722 COMMISSIONER VENNARD: So you're going to have a total of 24 people?
723 MS. LAURIGNANO: M’hm.
724 COMMISSIONER VENNARD: Can you break that down?
725 MS. LAURIGNANO: Sure can. So -- yeah. So what I -- yeah. So what I have is in term -- so it's 15 fulltime and nine part time.
726 The fulltime are a music director, a news reader, another news reader -- two fulltime news, morning show host, midday host, an afternoon host, evening host, a weekend replacement shift, a sales manager, four sales reps, a marketing and promotions person, a receptionist, traffic and accounts receivable, a production person, an operator/assistant production, a copywriter.
727 No; I do beg your pardon. I've lumped all of them together but I can actually provide you with a list if you wish, or we can submit it, but -- I'm sorry, I -- I read all of them down, all the number of positions, but I did not give them the part time or fulltime.
728 COMMISSIONER VENNARD: Okay.
729 MS. LAURIGNANO: So the fulltime program director ---
730 COMMISSIONER VENNARD: Okay.
731 MS. LAURIGNANO: Okay. I'll ---
732 THE CHAIRPERSON: If you want to submit that as an undertaking...
733 MS. LAURIGNANO: Yeah, we would do that.
734 THE CHAIRPERSON: Okay. Can you do that by 8 p.m. Ottawa time Thursday?
735 MS. LAURIGNANO: Oh, sure.
736 THE CHAIRPERSON: Okay, thanks.
738 MS. LAURIGNANO: We'll probably do it before.
739 THE CHAIRPERSON: Okay. Thank you.
740 COMISSIONER VENNARD: Okay, but just run some of them past me again.
741 MS. LAURIGNANO: Yeah.
742 COMISSIONER VENNARD: You've got a fulltime program director?
743 MS. LAURIGNANO: I have a fulltime program director. I have a fulltime news director, a fulltime news reader. I have a fulltime morning shows host, fulltime afternoon host.
744 COMISSIONER VENNARD: Okay.
745 MS. LAURIGNANO: Fulltime sales manager.
746 COMISSIONER VENNARD: Okay, we can probably circle back to that ---
747 MS. LAURIGNANO: Right.
748 COMISSIONER VENNARD: --- when we start talking a bit about synergies.
749 What I'm looking at is, are you planning on having two studios for this, or how -- for ---
750 MS. LAURIGNANO: No, there's ---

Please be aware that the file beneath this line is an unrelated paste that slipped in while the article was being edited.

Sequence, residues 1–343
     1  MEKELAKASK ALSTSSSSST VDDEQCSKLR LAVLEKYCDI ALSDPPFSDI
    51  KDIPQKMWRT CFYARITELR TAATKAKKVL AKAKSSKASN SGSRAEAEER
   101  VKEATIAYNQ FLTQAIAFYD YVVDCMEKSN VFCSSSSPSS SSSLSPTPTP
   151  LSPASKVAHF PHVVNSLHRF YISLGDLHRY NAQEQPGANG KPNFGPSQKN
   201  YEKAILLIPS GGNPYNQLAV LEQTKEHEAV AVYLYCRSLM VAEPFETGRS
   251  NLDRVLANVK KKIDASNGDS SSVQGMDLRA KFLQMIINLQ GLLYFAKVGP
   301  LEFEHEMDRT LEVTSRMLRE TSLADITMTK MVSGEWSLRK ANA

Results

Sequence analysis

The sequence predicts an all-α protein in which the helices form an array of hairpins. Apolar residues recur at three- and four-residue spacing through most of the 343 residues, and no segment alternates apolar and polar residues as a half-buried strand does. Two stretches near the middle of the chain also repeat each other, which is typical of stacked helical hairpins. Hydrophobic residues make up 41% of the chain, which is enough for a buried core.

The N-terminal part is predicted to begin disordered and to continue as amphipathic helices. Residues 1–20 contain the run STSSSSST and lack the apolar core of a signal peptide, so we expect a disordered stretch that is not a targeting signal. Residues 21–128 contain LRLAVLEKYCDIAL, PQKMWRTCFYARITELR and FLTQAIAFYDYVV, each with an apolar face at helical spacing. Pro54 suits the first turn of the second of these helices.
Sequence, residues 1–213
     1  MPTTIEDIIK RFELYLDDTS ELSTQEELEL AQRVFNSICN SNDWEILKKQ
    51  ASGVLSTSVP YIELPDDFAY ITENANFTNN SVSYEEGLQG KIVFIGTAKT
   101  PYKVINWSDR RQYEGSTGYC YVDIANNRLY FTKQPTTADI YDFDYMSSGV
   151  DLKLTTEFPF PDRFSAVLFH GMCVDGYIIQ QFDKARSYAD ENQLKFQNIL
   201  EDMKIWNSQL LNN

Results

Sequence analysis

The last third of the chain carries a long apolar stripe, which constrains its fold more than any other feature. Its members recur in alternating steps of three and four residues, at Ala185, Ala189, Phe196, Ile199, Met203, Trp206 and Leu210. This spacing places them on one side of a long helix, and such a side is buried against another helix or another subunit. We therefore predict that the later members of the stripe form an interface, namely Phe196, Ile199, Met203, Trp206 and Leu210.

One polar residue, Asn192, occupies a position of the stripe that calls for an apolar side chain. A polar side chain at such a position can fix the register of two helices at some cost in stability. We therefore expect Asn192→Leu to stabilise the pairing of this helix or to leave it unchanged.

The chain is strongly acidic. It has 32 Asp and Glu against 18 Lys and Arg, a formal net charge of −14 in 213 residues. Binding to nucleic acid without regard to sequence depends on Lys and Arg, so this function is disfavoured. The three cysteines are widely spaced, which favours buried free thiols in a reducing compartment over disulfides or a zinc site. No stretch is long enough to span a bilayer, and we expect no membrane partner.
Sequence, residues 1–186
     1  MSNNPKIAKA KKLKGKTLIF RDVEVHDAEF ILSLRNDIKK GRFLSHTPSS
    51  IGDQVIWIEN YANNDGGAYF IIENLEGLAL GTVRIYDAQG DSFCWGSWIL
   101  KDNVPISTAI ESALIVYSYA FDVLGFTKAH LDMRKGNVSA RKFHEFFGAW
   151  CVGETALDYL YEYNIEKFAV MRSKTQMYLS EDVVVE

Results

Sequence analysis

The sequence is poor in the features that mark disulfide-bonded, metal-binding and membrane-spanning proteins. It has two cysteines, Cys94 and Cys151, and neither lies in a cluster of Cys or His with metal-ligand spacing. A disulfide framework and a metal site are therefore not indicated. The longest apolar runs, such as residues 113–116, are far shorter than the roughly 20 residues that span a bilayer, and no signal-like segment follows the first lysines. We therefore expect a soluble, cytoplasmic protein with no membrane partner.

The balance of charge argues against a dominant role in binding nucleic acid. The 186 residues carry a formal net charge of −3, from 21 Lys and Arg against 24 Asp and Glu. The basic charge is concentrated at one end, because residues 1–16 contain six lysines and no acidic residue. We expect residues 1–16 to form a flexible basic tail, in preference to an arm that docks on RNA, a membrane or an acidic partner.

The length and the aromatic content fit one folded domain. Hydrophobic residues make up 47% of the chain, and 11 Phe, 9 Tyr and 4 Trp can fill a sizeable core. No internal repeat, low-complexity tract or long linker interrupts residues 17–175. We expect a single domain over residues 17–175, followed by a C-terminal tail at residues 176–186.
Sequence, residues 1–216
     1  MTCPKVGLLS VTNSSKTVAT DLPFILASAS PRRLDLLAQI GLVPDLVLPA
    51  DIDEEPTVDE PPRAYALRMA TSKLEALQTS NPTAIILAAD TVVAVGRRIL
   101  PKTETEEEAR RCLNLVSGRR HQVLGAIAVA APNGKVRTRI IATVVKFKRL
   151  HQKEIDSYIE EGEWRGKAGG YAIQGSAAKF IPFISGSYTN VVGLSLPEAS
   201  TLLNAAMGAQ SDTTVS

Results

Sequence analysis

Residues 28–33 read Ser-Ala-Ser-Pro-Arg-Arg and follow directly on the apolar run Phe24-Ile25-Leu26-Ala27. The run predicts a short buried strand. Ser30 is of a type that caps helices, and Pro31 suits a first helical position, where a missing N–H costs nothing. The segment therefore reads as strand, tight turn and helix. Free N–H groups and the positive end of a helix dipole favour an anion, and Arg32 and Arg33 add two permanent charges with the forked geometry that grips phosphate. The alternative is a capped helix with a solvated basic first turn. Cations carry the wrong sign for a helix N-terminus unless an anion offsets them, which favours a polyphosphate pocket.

751 COMISSIONER VENNARD: --- from a structural point of view?
752 MS. LAURIGNANO: There will be one studio.
753 COMISSIONER VENNARD: One studio. Because on ---
754 MS. LAURIGNANO: One -- one ---
755 COMISSIONER VENNARD: On some of your financials you mentioned -- you referred to two studios.
756 MS. LAURIGNANO: Oh, we did? Okay. I'm -- does it ring a bell?
757 MR. GAMBLE: I believe what she's referring to is ---
758 MS. LAURIGNANO: Oh, within the building. Yeah, two studios within the building, right. So we would have -- we'd have like a news -- a news -- not two separate locations, but the actual ---
759 COMMISSIONER VENNARD: Okay.
760 MS. LAURIGNANO: --- like, inside the building structure we'll have two studios.
761 COMMISSIONER VENNARD: Oh, okay.
762 MS. LAURIGNANO: Yeah.
763 COMMISSIONER VENNARD: So you're going to have one studio with two ---
764 MS. LAURIGNANO: Right. We'll have ---
765 COMMISSIONER VENNARD: --- two different functions going on in there.
766 MS. LAURIGNANO: --- one location with two studios to operate from.
767 COMMISSIONER VENNARD: Okay.
768 MS. LAURIGNANO: So they could both be on air.
769 COMMISSIONER VENNARD: Okay.
770 MS. LAURIGNANO: Right.
771 COMMISSIONER VENNARD: Because you refer to that as two studios, so I was wondering ---
772 MS. LAURIGNANO: Yeah.
773 COMMISSIONER VENNARD: --- if you had two ---
774 MS. LAURIGNANO: Correct. Yeah. No.
775 COMMISSIONER VENNARD: --- two separate studios.
776 MS. LAURIGNANO: Right.
777 MR. GAMBLE: Yeah. I think what we mean is there'll be one master control room, then there would be a production studio ---
778 COMMISSIONER VENNARD: Okay.
779 MR. GAMBLE: --- within the one plant.
780 COMMISSIONER VENNARD: Okay. Thank you for clarifying that. Because when I read two studios I thought you were actually doing two studios.
781 MS. LAURIGNANO: No.
782 COMMISSIONER VENNARD: Okay. I'll ask you a question that, again, is a -- you know, we -- you've -- you've probably answered most of it already but for the record I'm going to ask it again.
783 How will you ensure that programming broadcast on your station will include, on a regular basis each broadcast day, traffic and weather reports specific to Grimsby/Beamsville?
784 MS. LAURIGNANO: Okay.
785 Gary, could you just recap that?
786 MR. GAMBLE: Yeah. Our surveillance, specifically traffic and weather, as we mentioned, is 4.25 hours per week. That is quite a bit.
787 We have to do that because it doesn't matter how -- what the population of a certain area is, that specific area with tourists and everything else is very -- means that we've got to be covering traffic, for example, especially between the border crossings, very heavily.
788 So as we would in one of our other stations in a bigger market, four times per hour we would be running traffic reports to keep people updated.
789 Same thing with weather; weather changes so much and it affects not only tourists in the area but families. People always got to be constantly updated with weather forecasts, so that is a -- besides our news, that is very target specific for us, is keeping people updated on weather and traffic conditions.
790 COMMISSIONER VENNARD: Okay, and that will be done by some of the 24 people that you have in this news station?
791 MR. GAMBLE: That's right. And our announcers are covering weather forecasts or checking on it, but our traffic reports, and also what's big for us is listeners calling in with traffic reports so we can get that on the air.